An article saying “Westboro Asks Public Not to Picket Phelps Funeral” is just satire.
Last week, the Westboro Baptist Church’s founder Fred Phelps died at 84. The church heavily picketed U.S. soldiers who died and other events.
However, a satire article published by the Daily Currant website is going viral, with many people thinking the church issued a statement about people not picketing Phelps’ “funeral.”
“The controversial Westboro Baptist Church has asked the public not to picket the funeral of its founder, Pastor Fred Phelps, who died this week at 84,and ‘have a little decency and respect’ for his family and friends,” it says. “In a statement posted on its website, the Topeka, Kan.-based church – home to America’s most hated family – claimed members of the public have threatened to protest Phelps’ funeral just as the church protested the funerals of others.”
There isn’t going to be a funeral for Phelps, the church confirmed. Margie Phelps, his daughter and church member, told WIBW in Kansas that no funeral is planned.
The Daily Currant has a disclaimer on its website, which says it’s satire.
“The Daily Currant is an English language online satirical newspaper that covers global politics, business, technology, entertainment, science, health and media. It is accessible from over 190 countries worldwide – now including South Sudan,” it reads. “Our mission is to ridicule the timid ignorance which obstructs our progress, and promote intelligence – which presses forward.”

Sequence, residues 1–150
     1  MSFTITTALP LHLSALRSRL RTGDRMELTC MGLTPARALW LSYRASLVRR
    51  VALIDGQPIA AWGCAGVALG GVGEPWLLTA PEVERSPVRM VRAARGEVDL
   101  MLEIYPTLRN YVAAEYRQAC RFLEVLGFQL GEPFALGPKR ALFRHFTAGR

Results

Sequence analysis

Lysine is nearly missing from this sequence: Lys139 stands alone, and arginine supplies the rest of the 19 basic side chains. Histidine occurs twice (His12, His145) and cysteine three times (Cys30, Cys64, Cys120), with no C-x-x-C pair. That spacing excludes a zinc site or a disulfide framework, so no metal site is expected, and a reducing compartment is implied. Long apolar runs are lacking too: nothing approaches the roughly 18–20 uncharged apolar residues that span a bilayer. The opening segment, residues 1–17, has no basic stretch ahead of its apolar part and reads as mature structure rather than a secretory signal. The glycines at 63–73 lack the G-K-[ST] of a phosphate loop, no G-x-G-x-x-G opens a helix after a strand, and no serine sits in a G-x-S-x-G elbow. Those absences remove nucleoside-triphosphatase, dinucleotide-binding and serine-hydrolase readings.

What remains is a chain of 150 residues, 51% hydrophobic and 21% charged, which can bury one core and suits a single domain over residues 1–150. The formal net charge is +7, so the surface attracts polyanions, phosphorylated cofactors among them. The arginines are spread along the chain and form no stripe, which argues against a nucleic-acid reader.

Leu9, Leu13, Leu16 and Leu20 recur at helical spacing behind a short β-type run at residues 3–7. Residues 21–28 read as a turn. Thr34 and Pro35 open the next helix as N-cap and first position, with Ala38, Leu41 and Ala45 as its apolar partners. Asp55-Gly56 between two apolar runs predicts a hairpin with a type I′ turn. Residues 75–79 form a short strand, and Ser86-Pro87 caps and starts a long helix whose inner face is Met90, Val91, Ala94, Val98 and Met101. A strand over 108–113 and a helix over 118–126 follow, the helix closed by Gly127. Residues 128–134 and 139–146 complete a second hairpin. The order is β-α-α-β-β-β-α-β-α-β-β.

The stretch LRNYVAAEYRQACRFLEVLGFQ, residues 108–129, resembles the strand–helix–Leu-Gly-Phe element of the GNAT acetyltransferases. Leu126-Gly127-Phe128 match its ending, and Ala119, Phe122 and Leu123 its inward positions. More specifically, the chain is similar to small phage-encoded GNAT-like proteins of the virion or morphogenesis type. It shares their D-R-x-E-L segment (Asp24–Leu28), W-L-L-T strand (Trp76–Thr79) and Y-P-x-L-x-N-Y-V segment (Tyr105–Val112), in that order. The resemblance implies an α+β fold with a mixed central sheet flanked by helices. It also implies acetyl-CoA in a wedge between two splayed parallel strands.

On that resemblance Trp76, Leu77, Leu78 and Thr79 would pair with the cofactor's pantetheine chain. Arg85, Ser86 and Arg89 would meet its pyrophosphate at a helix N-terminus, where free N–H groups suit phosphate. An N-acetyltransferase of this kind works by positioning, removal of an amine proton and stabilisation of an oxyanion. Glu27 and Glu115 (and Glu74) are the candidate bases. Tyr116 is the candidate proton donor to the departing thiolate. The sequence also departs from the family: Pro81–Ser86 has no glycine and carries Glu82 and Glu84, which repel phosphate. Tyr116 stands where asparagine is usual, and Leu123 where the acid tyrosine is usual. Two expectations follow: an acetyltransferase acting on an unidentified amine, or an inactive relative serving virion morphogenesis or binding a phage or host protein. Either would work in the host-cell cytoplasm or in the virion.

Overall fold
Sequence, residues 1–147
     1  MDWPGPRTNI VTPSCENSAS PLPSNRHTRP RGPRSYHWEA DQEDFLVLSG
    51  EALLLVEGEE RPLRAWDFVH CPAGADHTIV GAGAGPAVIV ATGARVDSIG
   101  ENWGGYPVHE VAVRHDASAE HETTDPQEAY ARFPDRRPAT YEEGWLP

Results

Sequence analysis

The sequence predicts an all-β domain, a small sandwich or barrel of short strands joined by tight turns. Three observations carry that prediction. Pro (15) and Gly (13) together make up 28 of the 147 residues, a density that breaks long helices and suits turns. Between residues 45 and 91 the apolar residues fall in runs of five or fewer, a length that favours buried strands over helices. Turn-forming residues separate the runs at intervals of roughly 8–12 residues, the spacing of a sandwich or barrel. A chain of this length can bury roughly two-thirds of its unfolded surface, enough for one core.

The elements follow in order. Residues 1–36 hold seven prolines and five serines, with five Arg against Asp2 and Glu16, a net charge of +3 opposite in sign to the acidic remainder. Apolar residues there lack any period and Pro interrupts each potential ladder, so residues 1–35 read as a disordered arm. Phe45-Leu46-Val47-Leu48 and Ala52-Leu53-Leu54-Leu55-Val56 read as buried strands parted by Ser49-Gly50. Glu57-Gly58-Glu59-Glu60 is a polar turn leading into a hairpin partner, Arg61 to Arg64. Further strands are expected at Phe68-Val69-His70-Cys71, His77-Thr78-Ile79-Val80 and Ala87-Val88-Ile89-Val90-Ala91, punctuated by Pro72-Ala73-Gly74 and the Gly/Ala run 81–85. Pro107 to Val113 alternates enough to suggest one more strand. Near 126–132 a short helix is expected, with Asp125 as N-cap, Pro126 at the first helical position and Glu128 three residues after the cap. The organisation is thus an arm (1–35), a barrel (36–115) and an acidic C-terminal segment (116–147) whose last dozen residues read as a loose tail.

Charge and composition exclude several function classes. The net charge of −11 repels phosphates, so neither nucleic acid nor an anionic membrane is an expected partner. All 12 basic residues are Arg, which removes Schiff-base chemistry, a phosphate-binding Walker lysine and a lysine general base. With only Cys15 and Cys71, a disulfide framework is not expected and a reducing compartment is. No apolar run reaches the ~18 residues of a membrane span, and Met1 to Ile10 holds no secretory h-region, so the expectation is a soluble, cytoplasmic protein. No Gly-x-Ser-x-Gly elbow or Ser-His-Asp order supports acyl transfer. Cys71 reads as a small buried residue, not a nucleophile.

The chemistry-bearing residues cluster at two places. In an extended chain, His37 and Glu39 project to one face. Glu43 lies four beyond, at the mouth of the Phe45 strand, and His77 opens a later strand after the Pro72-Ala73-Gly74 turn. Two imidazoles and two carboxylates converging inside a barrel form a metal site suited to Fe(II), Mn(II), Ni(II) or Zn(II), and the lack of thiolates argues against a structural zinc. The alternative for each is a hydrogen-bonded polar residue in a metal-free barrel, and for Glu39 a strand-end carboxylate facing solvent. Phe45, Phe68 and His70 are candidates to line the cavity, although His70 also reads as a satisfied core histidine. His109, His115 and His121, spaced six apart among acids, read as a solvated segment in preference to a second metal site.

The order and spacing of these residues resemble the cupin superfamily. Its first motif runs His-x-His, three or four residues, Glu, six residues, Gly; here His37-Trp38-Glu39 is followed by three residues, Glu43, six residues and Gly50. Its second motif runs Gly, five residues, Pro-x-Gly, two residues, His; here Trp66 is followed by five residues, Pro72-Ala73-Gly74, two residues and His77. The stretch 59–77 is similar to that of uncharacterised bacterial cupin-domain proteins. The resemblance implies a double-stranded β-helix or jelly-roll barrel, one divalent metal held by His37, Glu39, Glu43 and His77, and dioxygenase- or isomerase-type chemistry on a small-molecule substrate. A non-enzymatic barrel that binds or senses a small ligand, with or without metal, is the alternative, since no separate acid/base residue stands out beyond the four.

The article about Westboro on the website got tens of thousands of likes.
Phelps died last week while in a care facility.
Once seen as the church’s unchallengeable patriarch, Phelps’ public visibility waned as he grew older and less active in the church’s pickets, with daughters Shirley Phelps-Roper and Margie Phelps — an attorney who argued the church’s case before the U.S. Supreme Court — most often speaking for Westboro. In the fall of 2013, even they were replaced by a church member not related to Phelps by blood as Westboro’s chief spokesman.
In Phelps’ later years, the protests themselves were largely ignored or led to counter-demonstrations that easily shouted down Westboro’s message. A motorcycle group known as the Patriot Guard arose to shield mourners at military funerals from Westboro’s notorious signs.
Phelps’ final weeks were shrouded in mystery. A long-estranged son, Nate Phelps, said his father had been voted out of the congregation in the summer of 2013 “after some sort of falling out,” but the church refused to discuss the matter. Westboro’s spokesman would only obliquely acknowledge this month that Phelps had been moved into a care facility because of health problems.
Margie Phelps did not reveal to The Associated Press on Thursday the condition that put Phelps in hospice care. Asked if he was surrounded by family or friends at his death, she would only say that “all of his needs were met when he died.” There will be no funeral, she said.
Fred Waldron Phelps was born in Meridian, Miss., on Nov. 13, 1929. He was raised a Methodist and once said he was “happy as a duck” growing up. He was an Eagle Scout, ran track and graduated from high school at age 16.
The Associated Press contributed to this report.